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It’s the unexpected that makes the sailing sweeter

2007 July 17
Let me tell you a little about reflections. There is an indefinable moment in your life when you have a mental shifting of gears and you start to reflect on the past. It comes to some people earlier than others, and it has come to me.

Perhaps it has to do with wisdom: I'd like to think that reflecting on the past will help me navigate the future. Good judgment is based on experience, which is often the result of bad judgment. I'm the poster boy for that adage.

Now before you start getting out the Hallmark cards for me, this doesn't mean that I'm no longer buying green bananas. It just means that occasionally something happens that reminds me of a moment in my past. When you're young, there isn't enough past and too much of the present to bother with such thoughts, but I have more time on my hands now.

In any case, I was having lunch with some contemporaries at the yacht club, and the subject turned to "our best day on the water." When there are so many to choose from, it's hard to pick just one.
There were the beautiful days, with a sky so blue it made my heart ache and just the right number of puffy white clouds. There were sunsets over faraway islands, the rattle of the anchor dropping in untouched coves, the quiet mornings with dew on the deck.

There were the days when, having hit every shift with flawless tactics, we crossed the finish line first knowing that we'd sailed better than ever before, and perhaps ever again.

But as I flipped through my mental Rolodex of days, behind the G-for-Great tab (not C for Cold or W for Windy or B for Becalmed), I realized that many of the best days were the ones that didn't go at all as planned.

Take Caswell's Wild Ride, for example. We had taken my Flying Dutchman out for some practice on a fairly breezy day. We'd been getting hammered during windy regattas, and so we thought that we might put in some time honing our skills in a blow.

We slogged out the channel with the genoa furled. When we hit open water, the jib was unrolled, Denny swung out on the trapeze, I hiked as hard as I could, and we were off upwind. We also realized that it was blowing a lot harder than it had seemed when we were standing in the lee of the clubhouse. Duh.

We were underwater half the time, with the bow firehosing sheets of spray into our eyes and down our collars, the bailers were slurping full time to empty the bilge, and it was, of course, great fun.

But after a half hour of tinkering with the mainsail draft and the mast bend and other tuning that would hopefully move us up in the fleet on windy days, it was time to crack off and reach.

Bam! It was like being launched out of a watery shotgun. We were skipping like a hard-flung stone across the waves, the rudder had a high-pitched whine I'd never heard before, and our flexible mast had a bend that was a bit scary to watch. We were trucking like never before but, to our surprise, we were quite stable. In fact, it seemed that the faster we went, the less squirrely we became.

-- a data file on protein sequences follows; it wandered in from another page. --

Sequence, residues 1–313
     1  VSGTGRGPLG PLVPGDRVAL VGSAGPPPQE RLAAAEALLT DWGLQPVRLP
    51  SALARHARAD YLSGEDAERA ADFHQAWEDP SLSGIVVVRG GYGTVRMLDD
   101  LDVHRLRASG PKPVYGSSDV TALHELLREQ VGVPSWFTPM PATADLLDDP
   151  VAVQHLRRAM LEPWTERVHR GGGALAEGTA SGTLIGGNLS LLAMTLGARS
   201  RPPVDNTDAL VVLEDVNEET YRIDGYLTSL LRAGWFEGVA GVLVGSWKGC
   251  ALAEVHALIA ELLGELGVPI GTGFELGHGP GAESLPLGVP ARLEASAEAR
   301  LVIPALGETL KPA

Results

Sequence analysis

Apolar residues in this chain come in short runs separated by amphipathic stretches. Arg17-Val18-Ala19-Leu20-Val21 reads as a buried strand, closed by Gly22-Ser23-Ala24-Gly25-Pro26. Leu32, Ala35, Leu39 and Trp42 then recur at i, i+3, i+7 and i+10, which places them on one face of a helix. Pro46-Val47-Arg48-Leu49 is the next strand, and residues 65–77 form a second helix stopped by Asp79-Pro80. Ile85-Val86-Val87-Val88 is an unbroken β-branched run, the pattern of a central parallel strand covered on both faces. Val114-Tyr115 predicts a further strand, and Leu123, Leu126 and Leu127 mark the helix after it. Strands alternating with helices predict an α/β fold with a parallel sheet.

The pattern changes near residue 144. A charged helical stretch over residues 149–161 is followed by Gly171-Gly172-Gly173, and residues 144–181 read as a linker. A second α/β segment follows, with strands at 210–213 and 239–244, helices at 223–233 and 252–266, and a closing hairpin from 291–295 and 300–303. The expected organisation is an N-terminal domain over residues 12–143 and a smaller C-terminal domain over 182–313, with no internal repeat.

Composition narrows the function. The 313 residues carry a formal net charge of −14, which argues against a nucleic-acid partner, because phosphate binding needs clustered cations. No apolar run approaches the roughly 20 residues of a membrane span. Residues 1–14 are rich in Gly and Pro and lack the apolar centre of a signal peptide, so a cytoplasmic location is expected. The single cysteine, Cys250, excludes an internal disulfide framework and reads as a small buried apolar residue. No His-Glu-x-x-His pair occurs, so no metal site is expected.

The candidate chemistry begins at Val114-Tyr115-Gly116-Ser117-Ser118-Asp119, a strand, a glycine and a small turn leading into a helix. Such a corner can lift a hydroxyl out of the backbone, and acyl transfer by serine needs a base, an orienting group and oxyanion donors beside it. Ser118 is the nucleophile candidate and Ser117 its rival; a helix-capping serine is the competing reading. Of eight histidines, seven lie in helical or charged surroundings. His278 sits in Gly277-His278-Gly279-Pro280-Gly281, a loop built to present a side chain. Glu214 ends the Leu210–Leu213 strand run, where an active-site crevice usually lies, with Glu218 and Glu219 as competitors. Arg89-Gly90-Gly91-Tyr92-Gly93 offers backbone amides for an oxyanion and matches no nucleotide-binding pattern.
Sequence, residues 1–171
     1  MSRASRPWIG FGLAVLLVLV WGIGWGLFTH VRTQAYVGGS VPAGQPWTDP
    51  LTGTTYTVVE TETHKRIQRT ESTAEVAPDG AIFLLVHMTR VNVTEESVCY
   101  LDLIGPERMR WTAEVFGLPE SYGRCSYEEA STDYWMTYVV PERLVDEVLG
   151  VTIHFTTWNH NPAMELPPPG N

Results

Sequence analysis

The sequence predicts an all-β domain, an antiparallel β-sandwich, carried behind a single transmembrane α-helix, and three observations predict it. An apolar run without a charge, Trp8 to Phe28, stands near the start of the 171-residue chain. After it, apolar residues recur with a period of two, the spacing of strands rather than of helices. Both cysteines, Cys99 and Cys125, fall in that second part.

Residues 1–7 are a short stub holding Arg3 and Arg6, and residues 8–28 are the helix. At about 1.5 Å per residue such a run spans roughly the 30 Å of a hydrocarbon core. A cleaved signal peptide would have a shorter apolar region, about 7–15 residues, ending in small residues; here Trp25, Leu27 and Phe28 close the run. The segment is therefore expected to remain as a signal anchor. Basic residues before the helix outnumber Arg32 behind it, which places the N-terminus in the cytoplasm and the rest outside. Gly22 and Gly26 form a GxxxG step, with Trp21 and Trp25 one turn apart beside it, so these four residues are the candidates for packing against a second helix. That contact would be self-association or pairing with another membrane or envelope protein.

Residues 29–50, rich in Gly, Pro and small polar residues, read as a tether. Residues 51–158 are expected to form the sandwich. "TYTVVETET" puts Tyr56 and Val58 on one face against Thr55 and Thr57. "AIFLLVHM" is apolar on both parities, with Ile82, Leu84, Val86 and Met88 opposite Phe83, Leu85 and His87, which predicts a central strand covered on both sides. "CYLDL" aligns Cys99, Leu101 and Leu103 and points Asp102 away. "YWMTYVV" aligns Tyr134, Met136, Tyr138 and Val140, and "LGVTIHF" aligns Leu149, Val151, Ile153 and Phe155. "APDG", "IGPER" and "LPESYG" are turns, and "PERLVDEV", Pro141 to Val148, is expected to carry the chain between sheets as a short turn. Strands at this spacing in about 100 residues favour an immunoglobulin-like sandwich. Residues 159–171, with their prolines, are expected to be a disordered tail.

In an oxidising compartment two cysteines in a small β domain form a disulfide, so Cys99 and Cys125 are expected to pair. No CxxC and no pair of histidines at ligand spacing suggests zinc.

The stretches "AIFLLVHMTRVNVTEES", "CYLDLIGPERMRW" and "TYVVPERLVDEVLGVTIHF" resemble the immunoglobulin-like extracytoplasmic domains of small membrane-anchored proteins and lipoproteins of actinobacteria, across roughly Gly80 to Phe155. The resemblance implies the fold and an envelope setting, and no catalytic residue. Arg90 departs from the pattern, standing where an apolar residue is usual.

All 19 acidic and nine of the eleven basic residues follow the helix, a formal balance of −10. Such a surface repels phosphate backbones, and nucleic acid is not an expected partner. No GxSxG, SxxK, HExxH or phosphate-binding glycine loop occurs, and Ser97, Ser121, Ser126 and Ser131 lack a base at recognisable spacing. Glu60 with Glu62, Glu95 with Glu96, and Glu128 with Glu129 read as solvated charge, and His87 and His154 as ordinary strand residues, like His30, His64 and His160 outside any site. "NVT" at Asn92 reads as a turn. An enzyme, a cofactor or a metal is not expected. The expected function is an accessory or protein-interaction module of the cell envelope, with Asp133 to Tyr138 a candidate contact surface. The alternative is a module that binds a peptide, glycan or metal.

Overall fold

In no time at all, we were past the harbor entrance but we thought we should practice a bit further. To be perfectly honest, we were just having too much fun, hooting and hollering on this liquid freight train. I have no idea how fast we were going, but it soon became apparent that we were going to have a really long and really ugly slog to windward back to the harbor entrance.

We were young and certainly foolish, so we simply kept going. A dozen miles down the coast was another harbor and, in no time, we were squishing wetly up the dock of another yacht club. In the phone booth, I made a rather awkward call to my mother.

"Hi. Umm, we're down here but we left the trailer up there and, um, we need someone to come and get us." By the time she arrived with the trailer, she had calmed down and even listened to our chatter about the wild ride.

Back at the lunch table 40 years later, I realized that this had been a great day on the water simply because it had been so unexpected and so unplanned. And that's one of the best things about sailing.
We live in a 9-to-5 world, our calendars and appointment books are filled with scribbled must-dos and don't-forgets, and we have little time that isn't scheduled.

But on the water, the wind may encourage you to do something completely different than you had intended. A wind shift can make that planned anchorage hard to reach and so, as we did on our screaming plane, you end up someplace else.

Not many sailors keep logbooks anymore (more likely, they have a blog on some Web site) but, when they did, most of them would write "bound for" when they set out on a cruise. That's infinitely different than "going to," and it leaves enough slack so that they could end up anywhere without feeling bad about it.

As I reflected on it, some of my best sails have been those that were a complete surprise. I've wound up in places I never would have found except by chance, and that has made the adventure all the sweeter. Just sailing out of the harbor and, on the whim of the moment choosing to go left or right, is to create an unplanned voyage. If you don't get where you thought you were going, don't worry: you weren't meant to get there.

The sheer vagaries of sailing are a refreshing and much-needed change from our regimented world. Cast your fate to the wind.